Purlin shivered again, grateful to have been spared the horror of it all. He’d grown up believing that God and God alone was the rightful purveyor of justice. When he was a boy his mother would remind him of a passage from one of the letters of St. Paul: “Vengeance is mine, saith the Lord…I will repay.” There were so many times when he would happily have dispatched so many people but for the voice of his long-deceased mother still echoing in his head.
“Vengeance is mine, saith the Lord…” This time, the Lord did repay…and it was a frigid retribution.
The conflict raged for years until all sides became exhausted from death and destruction. Peace was the new desideratum and it was achieved in due course to nearly everyone’s satisfaction, insofar as those who would otherwise have been dissatisfied were, for the most part, dead.
His life had run its unsteady course and he was weary. In two more years he would be ninety. That’s a long stretch – sometimes it felt like a prison sentence – and there were times when he earnestly yearned for an executioner. Nancy died eight years earlier and they had no children.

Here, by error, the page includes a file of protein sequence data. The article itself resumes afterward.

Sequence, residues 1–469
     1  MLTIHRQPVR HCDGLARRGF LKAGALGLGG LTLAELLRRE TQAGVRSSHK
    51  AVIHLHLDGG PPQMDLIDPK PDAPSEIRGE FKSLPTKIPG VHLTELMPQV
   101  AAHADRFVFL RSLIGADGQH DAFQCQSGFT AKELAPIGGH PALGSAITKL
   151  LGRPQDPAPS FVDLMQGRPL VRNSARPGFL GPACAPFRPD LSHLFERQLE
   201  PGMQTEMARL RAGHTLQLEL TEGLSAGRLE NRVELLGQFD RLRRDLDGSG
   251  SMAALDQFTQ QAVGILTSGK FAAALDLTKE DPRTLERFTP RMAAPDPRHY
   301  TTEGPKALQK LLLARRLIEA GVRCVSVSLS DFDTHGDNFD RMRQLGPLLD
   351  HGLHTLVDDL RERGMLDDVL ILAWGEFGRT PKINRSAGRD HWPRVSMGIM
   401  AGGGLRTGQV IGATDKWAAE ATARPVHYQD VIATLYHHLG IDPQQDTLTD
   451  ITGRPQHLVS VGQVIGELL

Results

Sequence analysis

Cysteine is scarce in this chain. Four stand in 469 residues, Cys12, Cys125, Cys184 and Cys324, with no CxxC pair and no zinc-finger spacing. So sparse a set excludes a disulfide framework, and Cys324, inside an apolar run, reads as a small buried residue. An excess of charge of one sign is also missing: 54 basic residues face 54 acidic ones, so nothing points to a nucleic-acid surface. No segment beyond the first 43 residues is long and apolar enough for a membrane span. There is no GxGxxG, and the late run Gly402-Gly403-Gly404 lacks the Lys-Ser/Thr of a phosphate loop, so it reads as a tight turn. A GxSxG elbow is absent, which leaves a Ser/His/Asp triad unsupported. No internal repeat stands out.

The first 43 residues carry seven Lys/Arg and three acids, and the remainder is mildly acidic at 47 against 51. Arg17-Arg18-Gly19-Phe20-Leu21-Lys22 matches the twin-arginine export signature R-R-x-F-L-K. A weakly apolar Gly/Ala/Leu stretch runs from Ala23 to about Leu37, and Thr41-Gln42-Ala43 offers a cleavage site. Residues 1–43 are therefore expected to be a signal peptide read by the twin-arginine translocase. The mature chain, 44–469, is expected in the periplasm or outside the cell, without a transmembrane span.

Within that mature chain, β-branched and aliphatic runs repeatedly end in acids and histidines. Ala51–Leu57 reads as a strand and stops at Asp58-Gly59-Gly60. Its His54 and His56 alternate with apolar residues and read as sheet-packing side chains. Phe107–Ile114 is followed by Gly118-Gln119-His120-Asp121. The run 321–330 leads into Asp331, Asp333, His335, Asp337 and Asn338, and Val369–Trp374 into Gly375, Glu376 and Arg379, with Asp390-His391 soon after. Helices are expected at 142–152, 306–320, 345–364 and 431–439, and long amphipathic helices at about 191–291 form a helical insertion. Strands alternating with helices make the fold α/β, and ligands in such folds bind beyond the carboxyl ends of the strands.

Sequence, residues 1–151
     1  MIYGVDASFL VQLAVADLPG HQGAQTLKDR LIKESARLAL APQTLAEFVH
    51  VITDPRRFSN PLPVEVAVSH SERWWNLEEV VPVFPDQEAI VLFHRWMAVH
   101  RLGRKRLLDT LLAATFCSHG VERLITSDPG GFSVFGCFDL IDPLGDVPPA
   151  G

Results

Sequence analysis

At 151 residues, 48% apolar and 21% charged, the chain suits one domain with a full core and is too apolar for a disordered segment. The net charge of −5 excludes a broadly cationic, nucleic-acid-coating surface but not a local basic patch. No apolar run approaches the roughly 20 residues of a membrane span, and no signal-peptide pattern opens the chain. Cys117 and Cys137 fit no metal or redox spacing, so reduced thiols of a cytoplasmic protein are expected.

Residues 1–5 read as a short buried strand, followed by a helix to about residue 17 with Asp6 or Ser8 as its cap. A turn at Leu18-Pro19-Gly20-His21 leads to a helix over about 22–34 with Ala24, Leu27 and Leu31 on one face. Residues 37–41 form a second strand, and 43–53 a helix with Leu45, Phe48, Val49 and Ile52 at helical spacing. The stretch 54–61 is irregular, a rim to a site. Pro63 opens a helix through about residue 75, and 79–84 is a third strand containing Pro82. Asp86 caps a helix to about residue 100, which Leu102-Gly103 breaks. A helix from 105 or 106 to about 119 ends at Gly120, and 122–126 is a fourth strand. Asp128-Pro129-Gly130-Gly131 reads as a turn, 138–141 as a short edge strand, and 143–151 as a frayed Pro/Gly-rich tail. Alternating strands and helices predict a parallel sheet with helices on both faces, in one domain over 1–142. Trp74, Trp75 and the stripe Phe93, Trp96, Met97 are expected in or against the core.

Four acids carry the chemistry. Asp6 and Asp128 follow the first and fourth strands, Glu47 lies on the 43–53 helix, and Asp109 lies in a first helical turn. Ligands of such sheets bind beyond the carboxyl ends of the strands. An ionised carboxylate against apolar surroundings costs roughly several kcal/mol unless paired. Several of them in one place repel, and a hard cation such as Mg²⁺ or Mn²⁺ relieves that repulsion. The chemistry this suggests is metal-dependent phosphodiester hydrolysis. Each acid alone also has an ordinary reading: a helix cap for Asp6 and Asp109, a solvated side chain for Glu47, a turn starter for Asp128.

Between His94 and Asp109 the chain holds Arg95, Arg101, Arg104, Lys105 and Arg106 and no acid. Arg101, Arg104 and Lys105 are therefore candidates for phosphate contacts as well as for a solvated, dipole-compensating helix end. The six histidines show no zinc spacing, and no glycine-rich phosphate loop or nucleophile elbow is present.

Purlin was all alone in a huge house warmed by a huge fire.
He ambled into the kitchen where he prepared a cup of hot chocolate milk and grabbed a handful of Stay-Puft marshmallows – a favorite since his Cub Scout days.
After pulling a long twig from the pile of firewood in the center of the house, Mit sat cross-legged near the fire and neatly impaled two marshmallows on the end of the stick. He gingerly turned them over the glowing embers until they were perfectly browned and consumed them with the relish of a child. Gazing into fire as he impaled two more marshmallows on the twig, he took a sip from the mug of hot chocolate and began to sing softly to himself.
“Row, row, row your boat…gently down the stream…merrily, merrily, merrily, merrily…life is but a dream.”